Sean Jauss, a partner at the Bristol office of IP firm Mewburn Ellis, stated: We fully endorse the Unified Patent Court, which represents a significant accomplishment. It gives gigantic open doors to everybody and is without a doubt the main improvement in European patent regulation in many years.
When it comes to patent protection and litigation, this system will give users more options and flexibility. However, this comes with some complexity and significant difficulties. Mewburn Ellis has been diligently preparing for the launch in this regard, and we are prepared to assist our clients in utilizing the new system to its full potential.
Galle Bourout, a lawyer in Linklaters’ IP practice in Paris, made the following remarks: This will change how patents are prosecuted and litigated, making it the most significant piece of patent law in decades since the Munich Convention on European Patents was established. Further choices will in this manner become accessible for planning and carrying out hostile and protective patent methodologies across Europe.
There are, nonetheless, worries about specific parts of the new system, especially around orders. The available remedies, according to Bolko Ehlgen, a partner in Linklaters’ IP practice in Frankfurt, range from damages awards to preliminary and permanent injunctions. The member states’ current injunction practice varies significantly, with some systems using mostly automatic injunctions and others using more discretion and reserved methods.
“While the UPC has prudence while settling on orders, one can expect that a large number of the adjudicators will turn to the directive accommodating methodology known from their public frameworks. The brought together procedure will accordingly give patent proprietors the likelihood to “send out” this advantage into different locales wherein a directive is more challenging to get under the public framework. “He came to the conclusion that the UPC will face the challenge of unifying the approach to injunctions that its multinational bench of judges applies in the medium term.”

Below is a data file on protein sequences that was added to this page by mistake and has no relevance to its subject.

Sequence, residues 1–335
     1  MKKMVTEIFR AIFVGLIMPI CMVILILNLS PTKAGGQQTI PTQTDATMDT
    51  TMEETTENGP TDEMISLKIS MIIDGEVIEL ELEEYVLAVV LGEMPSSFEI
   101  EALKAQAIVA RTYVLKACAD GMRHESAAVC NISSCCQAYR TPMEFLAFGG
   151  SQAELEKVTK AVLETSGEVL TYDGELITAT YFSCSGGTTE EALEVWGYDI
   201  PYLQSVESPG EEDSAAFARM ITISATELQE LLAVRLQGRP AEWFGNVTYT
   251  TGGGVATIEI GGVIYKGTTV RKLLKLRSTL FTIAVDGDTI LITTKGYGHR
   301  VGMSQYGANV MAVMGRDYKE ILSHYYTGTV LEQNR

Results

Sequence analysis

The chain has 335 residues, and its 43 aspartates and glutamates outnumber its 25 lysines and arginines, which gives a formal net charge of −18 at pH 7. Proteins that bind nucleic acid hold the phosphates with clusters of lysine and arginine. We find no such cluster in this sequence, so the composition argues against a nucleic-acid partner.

Law firms Many law firms are taking steps to adapt to this new patent landscape because of the significance of the event. The partnership between Parisian IP law firm Regimbeau and French law firm Gide Loyrette Nouel was announced last week as a response to the increasing complexity of national proceedings and the upcoming launch of the UPC.
Thomas Adocker, a UPC expert, joined Taylor Wessing in April from Schwarz Schönherr, an Austrian IP firm. He will be based in Vienna as a host for a local division. As patent attorneys become familiar with the new system, one of the primary reasons the company hired him was due to his expertise in UPC.
Since 1975, when legislation was drafted to provide a single patent covering all member states of the then-European Economic Community, which served as the precursor to the EU, the goal of unifying European patents has been realized through the UP/UPC system.
Campinos of the EPO added: This day marks a new beginning for European innovation and patents. It is when clients can anticipate a more open type of patent insurance that will convey development for our organizations and economies, and assist our creators with conveying maintainable answers for tackle the incredible difficulties of our day.”